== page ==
I would say the curiosity and the interest is there from other footballers, but it's not a common topic. A year ago, everybody was speaking to me about RTFKT, who started with virtual sneakers and virtual clothing and are still one of the most innovative NFT projects today, but I don't know if they were really hands on in these projects, so it would be difficult to say.

What about people who remain skeptical about the space?

That’s understandable – new things take a while to succeed and the hype in recent years has been too big. Yes, we are in a downturn now. But I am not worried about that. New things take a while to succeed. I never jumped on the hype train or tried to make some quick money. A lot of people reached out to me for partnerships and NFT drops but I said no to all of them. It’s not that I’m not interested, but it felt like I needed to observe and learn more about the technology first. Since then, I’ve met a lot of people in Web3, and I’ve also invested in a few promising startups.

You recently extended your partnership with Nike. What have been your first impressions of Nike’s entry into Web3 and digital collectibles?

Firstly, I think Nike is the best brand out there next to Apple. I think they have been very smart and did not jump in when the hype was at its peak. Yes, they bought RTFKT in 2021 to learn from their team of creators before establishing their own strategy. They took a very smart approach with .SWOOSH and the Our Force 1 – their first virtual sneaker. They probably realised that nobody in their audience wants to deal with wallets, crypto and all the risks involved – so they ironed out all the hassle that can come with purchasing digital items. I think this is how brands must do it: build it in an easy, secure, and seamless way. It should be fun to do, and I am looking forward to what Nike is going to build with .SWOOSH in the future.

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How important will Nike’s role be in pushing mainstream adoption of digital collectibles?

They have the power to change the culture. They have the audience that are in games and know virtual goods. A lot of companies look at Nike and want to see what their approach is and if they are successful with their initiatives. I feel that many brands feel more comfortable now to push their own initiatives. Nike are very smart, and they are very well prepared for the future, so they’ll play a big role.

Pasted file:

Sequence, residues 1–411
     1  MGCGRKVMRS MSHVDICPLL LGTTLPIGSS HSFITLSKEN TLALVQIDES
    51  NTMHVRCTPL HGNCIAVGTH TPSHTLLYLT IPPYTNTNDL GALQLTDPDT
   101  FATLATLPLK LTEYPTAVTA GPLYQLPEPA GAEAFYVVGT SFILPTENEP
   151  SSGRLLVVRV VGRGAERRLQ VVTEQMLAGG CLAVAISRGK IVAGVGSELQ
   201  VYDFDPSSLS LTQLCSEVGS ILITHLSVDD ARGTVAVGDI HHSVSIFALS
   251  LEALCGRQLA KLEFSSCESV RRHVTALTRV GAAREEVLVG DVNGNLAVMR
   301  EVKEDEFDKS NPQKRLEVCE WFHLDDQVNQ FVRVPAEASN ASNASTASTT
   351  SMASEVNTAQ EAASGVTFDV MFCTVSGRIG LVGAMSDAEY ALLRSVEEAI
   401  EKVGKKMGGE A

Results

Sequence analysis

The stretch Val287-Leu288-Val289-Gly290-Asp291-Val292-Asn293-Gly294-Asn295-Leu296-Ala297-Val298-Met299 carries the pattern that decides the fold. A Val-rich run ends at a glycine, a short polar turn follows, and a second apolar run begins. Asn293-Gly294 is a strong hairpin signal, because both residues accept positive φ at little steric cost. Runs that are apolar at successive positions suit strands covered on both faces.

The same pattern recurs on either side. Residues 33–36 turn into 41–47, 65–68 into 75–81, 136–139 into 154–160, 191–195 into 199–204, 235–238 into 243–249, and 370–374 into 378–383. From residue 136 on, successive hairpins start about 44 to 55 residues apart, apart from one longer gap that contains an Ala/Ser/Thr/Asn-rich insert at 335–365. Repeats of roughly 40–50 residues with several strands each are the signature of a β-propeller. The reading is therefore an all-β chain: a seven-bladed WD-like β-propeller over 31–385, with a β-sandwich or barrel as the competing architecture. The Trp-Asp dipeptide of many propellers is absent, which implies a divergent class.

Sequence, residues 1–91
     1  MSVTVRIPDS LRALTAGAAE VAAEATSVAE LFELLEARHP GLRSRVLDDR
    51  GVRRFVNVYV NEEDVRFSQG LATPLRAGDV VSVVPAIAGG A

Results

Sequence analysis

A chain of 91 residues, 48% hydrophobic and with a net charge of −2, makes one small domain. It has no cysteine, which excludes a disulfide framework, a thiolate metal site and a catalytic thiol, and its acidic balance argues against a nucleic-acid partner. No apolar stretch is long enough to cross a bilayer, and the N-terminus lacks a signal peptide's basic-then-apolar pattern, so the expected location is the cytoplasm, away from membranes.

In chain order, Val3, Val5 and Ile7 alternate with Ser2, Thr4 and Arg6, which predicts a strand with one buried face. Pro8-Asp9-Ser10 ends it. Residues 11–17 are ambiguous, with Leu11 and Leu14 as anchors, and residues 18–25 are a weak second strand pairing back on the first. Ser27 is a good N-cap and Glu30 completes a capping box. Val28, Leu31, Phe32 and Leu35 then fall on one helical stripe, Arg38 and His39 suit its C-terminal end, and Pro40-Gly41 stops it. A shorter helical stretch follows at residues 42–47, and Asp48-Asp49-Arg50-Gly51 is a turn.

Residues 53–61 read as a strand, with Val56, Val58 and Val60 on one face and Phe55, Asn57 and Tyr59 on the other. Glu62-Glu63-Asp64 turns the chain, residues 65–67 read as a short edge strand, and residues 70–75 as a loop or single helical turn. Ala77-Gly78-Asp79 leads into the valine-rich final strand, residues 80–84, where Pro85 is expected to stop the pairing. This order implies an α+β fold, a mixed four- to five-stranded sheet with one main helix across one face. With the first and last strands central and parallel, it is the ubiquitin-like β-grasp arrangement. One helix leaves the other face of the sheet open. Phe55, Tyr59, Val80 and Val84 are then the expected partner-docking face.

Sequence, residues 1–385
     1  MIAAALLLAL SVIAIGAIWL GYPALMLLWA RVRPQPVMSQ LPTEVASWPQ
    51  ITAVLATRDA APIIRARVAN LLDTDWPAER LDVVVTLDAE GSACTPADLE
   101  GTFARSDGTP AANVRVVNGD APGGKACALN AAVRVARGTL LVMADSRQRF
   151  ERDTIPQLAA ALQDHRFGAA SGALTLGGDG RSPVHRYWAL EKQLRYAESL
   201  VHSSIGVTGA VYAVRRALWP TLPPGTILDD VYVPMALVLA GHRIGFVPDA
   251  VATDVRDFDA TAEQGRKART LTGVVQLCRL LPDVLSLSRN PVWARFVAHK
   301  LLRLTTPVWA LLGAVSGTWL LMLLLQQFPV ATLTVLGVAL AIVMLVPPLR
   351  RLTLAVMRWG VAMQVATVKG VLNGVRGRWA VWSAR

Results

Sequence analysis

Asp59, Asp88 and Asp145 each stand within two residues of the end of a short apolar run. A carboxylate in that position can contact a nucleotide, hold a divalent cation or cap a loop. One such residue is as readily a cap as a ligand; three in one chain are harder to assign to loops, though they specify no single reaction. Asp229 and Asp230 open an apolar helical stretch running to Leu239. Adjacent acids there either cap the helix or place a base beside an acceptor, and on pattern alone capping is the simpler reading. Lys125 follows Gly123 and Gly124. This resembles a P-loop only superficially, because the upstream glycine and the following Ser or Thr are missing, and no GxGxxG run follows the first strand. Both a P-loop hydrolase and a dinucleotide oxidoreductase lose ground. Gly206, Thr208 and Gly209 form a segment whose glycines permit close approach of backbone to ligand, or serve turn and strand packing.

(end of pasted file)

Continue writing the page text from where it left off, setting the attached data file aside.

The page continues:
When did you first make the step into owning digital items?

Everything started when I bought my first CloneX from RTFKT in March 2022 – CloneX is a collection of 20,000 different 3D characters. For me, it’s always important to know the people behind what you’re buying. I was able to build a bridge from Nike to the RTFKT team and get to know more about what they’re trying to create. I made my Twitter (X) PFP my CloneX and I did some fun stuff with the RTFKT community – for example, they played around with my 3D files and put him in the Frankfurt jersey when I moved to the club.

Could we soon see digital collectibles in sports gaming – for example, future EA Sports titles like EAFC?

There have been strong signs that EA Sports is interested in integrating this technology into their games – for example, their new partnership with Nike Virtual Studios. I expect they will slowly but surely start integrating (and testing) Nike virtual gear in EAFC. We will see what sticks and what gamers like to do with them. I think this will be huge. It will help players individualise their characters, and maybe there will be a marketplace one day where gamers can trade their virtual gear.

How significant could Nike’s partnership with EA SPORTS be for shaping the future?

Very smart people are on both sides of the table, and two amazing brands have joined forces here. And I am sure they have a good plan to integrate virtual gear into both of their ecosystem’s step by step. I think both brands have understood the potential value they can create together. I am very curious about how they will educate their audience and what the integration will look like. I am a strong believer of change, not only in life but also in sport. Exciting times are ahead.

Sure, we all fear change, but it's exploration and experimentation that broadens horizons. Change is inevitable and it’s to be embraced, and Mario Götze, along with Nike, have already started to do so. Time to catch up.

In the real world, Mario Gotze currently wears the Nike Phantom GX, which you can pick up at prodirectsport.com/soccer